Well, the next-gen Xbox reveal event has come and gone. First things first: It’s called the Xbox One. Also, Microsoft would very much like you to stop using every other device you have in your entertainment system. As made clear by the event, the Xbox One is definitely being marketed as The One Device to Rule Them All, but I’m not sure I buy into all the hype.
Before we get into all that, here’s the concrete stuff we know about the Xbox One:
- 8-core x86 processor
- 8GB of RAM
- 500GB hard drive
- HDMI pass-thru to allow for watching TV
- Blu-ray player
Those are the big points that Microsoft got across, but they are far from the only ones. The Xbox One architecture’s a combined gaming OS and Windows OS — though we hope that the Xbox team stays far away from anything Windows 8. This allows stuff like Skype to run at the same time as a video game. It’s honestly pretty neat, and could prove interesting going forward.
The controller for the Xbox One should look familiar to anyone that’s ever played an Xbox 360. Not a whole lot’s changed, but the changes that have been made are important. Of those, probably the biggest is the precision directional pad. It wouldn’t be inaccurate to say that the 360′s d-pad was laughably, well, inaccurate. That’s great.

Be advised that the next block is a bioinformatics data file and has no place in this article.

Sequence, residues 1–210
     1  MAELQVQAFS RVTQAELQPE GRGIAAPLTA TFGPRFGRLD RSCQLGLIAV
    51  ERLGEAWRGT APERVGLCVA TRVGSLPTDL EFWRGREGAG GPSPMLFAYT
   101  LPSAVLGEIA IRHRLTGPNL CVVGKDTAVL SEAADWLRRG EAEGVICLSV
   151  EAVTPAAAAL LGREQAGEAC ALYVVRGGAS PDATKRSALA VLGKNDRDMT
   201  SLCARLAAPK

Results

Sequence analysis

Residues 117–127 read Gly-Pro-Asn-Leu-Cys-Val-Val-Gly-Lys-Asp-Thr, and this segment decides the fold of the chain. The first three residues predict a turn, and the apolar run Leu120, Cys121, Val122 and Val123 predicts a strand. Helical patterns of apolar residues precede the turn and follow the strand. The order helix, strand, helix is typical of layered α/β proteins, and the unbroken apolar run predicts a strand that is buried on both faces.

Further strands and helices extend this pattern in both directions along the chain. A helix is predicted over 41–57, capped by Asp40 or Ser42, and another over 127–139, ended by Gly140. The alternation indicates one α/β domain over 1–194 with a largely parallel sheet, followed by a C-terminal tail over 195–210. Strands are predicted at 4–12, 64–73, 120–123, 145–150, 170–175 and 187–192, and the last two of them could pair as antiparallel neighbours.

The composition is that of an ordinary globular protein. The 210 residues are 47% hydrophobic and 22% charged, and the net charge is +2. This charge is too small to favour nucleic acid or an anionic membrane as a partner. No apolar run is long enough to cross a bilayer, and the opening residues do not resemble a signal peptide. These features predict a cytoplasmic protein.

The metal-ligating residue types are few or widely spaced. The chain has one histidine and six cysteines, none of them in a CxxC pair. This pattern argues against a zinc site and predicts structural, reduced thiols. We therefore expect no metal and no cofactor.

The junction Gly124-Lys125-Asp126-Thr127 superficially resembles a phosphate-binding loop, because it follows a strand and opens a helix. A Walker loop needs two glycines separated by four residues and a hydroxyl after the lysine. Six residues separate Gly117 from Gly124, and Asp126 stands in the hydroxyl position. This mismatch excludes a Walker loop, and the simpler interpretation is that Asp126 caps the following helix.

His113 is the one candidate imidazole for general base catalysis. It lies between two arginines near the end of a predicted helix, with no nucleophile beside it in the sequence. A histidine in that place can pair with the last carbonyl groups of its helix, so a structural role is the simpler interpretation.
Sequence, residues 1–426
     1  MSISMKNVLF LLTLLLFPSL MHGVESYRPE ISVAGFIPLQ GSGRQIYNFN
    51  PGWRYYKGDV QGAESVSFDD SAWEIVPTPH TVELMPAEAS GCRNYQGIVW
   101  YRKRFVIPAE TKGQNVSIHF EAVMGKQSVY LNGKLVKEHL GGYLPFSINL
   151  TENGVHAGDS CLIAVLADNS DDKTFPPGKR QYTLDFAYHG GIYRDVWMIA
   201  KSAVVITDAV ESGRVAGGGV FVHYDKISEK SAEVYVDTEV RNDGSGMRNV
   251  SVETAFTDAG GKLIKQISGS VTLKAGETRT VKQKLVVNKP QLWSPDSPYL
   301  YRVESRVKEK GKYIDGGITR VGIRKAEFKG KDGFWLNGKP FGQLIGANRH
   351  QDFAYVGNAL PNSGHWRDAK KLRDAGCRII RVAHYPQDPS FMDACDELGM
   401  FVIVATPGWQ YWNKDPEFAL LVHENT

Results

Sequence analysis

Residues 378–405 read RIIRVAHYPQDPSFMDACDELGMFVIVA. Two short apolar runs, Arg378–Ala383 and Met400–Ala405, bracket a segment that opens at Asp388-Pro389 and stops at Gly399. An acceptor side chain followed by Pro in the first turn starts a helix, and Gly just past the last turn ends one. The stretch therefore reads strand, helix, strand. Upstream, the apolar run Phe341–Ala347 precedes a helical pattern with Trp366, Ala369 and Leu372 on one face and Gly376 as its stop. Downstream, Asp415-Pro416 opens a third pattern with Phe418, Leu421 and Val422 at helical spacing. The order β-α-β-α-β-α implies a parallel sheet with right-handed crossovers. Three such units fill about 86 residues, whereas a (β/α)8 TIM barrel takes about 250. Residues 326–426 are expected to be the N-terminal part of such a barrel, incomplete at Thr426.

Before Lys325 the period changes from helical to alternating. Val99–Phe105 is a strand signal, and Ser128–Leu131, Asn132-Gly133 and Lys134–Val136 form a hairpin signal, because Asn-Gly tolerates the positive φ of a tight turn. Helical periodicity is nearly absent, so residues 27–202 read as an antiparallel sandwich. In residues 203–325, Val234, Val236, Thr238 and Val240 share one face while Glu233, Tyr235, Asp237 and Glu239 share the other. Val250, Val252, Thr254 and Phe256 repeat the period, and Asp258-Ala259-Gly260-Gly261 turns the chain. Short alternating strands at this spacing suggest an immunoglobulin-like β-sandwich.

What’s not so great? Well, Microsoft’s happier to push the idea of watching television through the device than pretty much anything else. Granted, there’s a good chance that E3 is going to be all about the games, but they were scarily absent for the majority of the event. We saw Quantum Break from Remedy, Call of Duty: Ghosts from Infinity Ward, a bunch of sports titles from EA, and a snippet of Forza Motorsport 5. That’s it.
What’s the good news? Well, 15 exclusive titles in the first year, 8 of which are said to be brand new franchises, is great. Microsoft could use a few more flagship titles that aren’t Halo or related to Halo. Oh, part of the event dealt with the fact that Steven Spielberg’s going to bring us a Halo TV series for the Xbox One, so there’s that. We’re also getting the Xbox One around the end of the year, so it’s good to hear that they’ll be competing with Sony.
As for news that we’re not really sure how to feel about, the Kinect’s getting an upgrade and is definitely still a thing Microsoft’s pushing. Specifically, it’s got an expanded field of view, new IR camera, better motion tracking, and a new multi-microphone array to better pick up on voice commands. Speaking subjectively, I’ve no desire whatsoever to use the doodad, but they certainly seem to want people to want to use it. It’ll be interesting to see what kind of applications developers use it for, but for the time being I just can’t be bothered enough to care.
As for the always-on connection rumors and blocked used games reports? Well, the former looks to not be true, but word is that the latter is. We’ll definitely know more soon as E3 isn’t far away at all.
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